Balance is a component of fitness that relates to your ability to maintain control of your body position. Balance can take dynamic and static forms. The latter can for example hold the handstand in yoga, while the former can refer to something like walking or running, or to a more complex form, such as managing to keep moving after being tackled.
Balance is important in sport and in everyday life. “Balance training can help reduce your risk of falls,” says Cowan, “which may be especially important for older adults.”
Coordination is the ability to use two or more body parts together. It’s about selecting the right muscle, at the right time, with the intensity needed to carry out the action. Coordination is especially important in sports that require you to hit a ball, such as cricket, tennis, and golf.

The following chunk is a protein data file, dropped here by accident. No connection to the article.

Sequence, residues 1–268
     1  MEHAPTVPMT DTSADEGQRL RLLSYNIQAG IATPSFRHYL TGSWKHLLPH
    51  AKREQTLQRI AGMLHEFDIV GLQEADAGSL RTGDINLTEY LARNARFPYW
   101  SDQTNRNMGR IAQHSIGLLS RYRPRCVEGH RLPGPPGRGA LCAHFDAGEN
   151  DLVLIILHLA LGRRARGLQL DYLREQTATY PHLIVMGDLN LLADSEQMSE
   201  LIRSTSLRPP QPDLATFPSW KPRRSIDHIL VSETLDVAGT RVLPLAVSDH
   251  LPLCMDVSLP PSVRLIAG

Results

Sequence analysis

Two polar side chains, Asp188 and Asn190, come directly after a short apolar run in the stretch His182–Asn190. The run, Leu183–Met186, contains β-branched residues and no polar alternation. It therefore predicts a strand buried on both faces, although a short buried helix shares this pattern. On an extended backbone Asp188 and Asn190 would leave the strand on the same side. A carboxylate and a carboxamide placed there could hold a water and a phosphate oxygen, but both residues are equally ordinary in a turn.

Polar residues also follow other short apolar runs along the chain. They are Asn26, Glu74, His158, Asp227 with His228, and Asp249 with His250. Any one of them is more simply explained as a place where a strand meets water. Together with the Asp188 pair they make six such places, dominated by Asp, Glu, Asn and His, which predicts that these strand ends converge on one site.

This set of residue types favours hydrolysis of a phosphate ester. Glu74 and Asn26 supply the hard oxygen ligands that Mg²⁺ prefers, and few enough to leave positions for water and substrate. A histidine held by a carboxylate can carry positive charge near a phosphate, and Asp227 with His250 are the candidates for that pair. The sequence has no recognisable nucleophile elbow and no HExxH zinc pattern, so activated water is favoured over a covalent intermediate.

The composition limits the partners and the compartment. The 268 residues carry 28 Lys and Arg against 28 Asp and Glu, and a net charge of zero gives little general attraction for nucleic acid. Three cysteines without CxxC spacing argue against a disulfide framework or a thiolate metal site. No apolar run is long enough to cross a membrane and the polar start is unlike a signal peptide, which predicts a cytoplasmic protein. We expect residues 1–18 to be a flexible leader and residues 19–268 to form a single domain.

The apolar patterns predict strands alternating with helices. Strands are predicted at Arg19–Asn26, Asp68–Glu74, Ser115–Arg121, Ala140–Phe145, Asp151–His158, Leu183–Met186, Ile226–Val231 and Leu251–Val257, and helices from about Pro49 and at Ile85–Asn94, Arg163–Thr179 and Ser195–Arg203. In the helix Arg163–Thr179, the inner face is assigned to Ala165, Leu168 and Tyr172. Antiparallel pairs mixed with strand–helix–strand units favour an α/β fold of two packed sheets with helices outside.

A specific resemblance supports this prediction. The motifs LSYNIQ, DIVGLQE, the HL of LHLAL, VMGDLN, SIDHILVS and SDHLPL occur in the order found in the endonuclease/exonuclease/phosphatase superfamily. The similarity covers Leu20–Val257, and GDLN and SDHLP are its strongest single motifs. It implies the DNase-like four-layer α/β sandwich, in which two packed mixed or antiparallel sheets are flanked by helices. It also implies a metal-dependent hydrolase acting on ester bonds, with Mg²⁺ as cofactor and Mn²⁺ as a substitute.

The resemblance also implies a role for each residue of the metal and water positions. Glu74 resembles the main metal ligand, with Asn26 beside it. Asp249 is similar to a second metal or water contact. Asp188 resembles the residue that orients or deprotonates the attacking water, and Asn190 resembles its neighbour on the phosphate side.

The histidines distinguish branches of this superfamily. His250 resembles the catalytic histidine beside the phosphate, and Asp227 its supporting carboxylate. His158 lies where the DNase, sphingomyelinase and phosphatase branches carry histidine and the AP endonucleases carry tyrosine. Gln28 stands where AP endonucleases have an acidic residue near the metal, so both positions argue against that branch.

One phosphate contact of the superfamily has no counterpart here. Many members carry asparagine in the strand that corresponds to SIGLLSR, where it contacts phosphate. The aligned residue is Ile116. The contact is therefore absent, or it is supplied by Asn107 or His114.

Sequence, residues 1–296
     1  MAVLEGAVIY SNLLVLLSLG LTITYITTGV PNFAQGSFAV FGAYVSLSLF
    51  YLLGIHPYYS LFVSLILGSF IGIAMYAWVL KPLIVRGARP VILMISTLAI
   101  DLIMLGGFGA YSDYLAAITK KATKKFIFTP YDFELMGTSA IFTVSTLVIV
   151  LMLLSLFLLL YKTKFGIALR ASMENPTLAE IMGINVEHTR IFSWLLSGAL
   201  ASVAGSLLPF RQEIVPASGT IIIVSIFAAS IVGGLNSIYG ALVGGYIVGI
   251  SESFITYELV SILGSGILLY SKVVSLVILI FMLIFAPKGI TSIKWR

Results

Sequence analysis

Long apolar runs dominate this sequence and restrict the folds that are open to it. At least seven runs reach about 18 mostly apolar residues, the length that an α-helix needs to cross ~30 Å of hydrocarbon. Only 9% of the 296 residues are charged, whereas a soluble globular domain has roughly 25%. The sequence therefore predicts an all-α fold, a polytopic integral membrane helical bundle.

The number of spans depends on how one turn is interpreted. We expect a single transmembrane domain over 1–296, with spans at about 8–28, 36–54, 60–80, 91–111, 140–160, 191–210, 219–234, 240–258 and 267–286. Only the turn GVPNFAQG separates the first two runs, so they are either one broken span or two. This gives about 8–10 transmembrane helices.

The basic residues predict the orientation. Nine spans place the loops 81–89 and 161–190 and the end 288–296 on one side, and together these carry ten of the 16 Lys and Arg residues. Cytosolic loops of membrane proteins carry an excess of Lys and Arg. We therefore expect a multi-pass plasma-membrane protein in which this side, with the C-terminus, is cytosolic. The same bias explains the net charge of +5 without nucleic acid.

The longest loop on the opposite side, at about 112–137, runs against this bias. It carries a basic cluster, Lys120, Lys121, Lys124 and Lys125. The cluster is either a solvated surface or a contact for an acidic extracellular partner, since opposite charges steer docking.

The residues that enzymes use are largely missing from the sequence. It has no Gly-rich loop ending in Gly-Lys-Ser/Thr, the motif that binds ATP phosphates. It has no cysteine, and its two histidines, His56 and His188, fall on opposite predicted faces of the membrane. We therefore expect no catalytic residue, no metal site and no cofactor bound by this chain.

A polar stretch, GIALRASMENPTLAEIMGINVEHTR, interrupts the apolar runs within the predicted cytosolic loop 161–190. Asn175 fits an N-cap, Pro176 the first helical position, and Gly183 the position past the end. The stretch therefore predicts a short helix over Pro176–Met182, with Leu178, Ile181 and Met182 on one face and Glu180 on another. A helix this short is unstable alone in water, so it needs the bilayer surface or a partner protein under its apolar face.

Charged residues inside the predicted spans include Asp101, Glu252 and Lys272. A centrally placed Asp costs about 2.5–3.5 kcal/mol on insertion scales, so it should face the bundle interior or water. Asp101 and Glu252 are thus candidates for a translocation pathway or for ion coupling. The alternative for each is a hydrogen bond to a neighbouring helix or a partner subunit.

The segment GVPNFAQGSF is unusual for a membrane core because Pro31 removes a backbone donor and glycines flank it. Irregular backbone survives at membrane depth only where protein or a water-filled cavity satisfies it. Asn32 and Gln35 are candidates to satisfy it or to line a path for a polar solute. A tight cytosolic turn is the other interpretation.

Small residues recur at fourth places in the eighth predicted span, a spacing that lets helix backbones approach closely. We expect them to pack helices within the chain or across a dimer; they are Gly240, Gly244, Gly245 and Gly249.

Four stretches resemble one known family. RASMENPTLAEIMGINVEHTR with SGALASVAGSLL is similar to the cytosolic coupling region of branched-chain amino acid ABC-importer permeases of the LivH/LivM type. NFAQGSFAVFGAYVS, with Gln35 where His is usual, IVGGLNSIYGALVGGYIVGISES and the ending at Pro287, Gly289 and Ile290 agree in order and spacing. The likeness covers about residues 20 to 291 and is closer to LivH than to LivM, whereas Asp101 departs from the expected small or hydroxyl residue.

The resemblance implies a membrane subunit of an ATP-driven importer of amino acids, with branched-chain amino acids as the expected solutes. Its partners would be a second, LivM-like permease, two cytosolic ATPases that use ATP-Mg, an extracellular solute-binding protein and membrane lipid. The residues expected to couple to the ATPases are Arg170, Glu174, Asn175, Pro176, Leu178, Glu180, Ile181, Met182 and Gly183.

Our own coordination comes down to the efficiency of our motor skills, which can be divided into fine or gross. Fine motor skills relate to our coordination in relation to small movements, such as a pool stroke, and the ease with which they are executed, while gross motor skills involve large movements and muscle groups.
Power (and speed)
Power is the ability to apply maximum force as quickly as possible. The two components of power are strength and speed (which in themselves count as a component of fitness), and power can essentially be thought of as strength at speed.
For many sports, power is needed more than strength or speed per se, but power alone will not directly translate to good performance (this is true for all components of fitness). The perfect example of power on the gym floor is in an Olympic lift like the snatch where the athlete must quickly move a heavy barbell stacked with weights.
And finally, we come to reaction time: how long it takes you to respond to a stimulus, like a boxer’s ability to react to a punch. This is strongly tied to your mind-body connection, with your eyes seeing the stimulus, your mind then interpreting it, and your body reacting in accordance with that interpretation. Experience plays a big role in reaction time, as you develop the knowledge that then allows you to react faster and more accurately to the stimulus.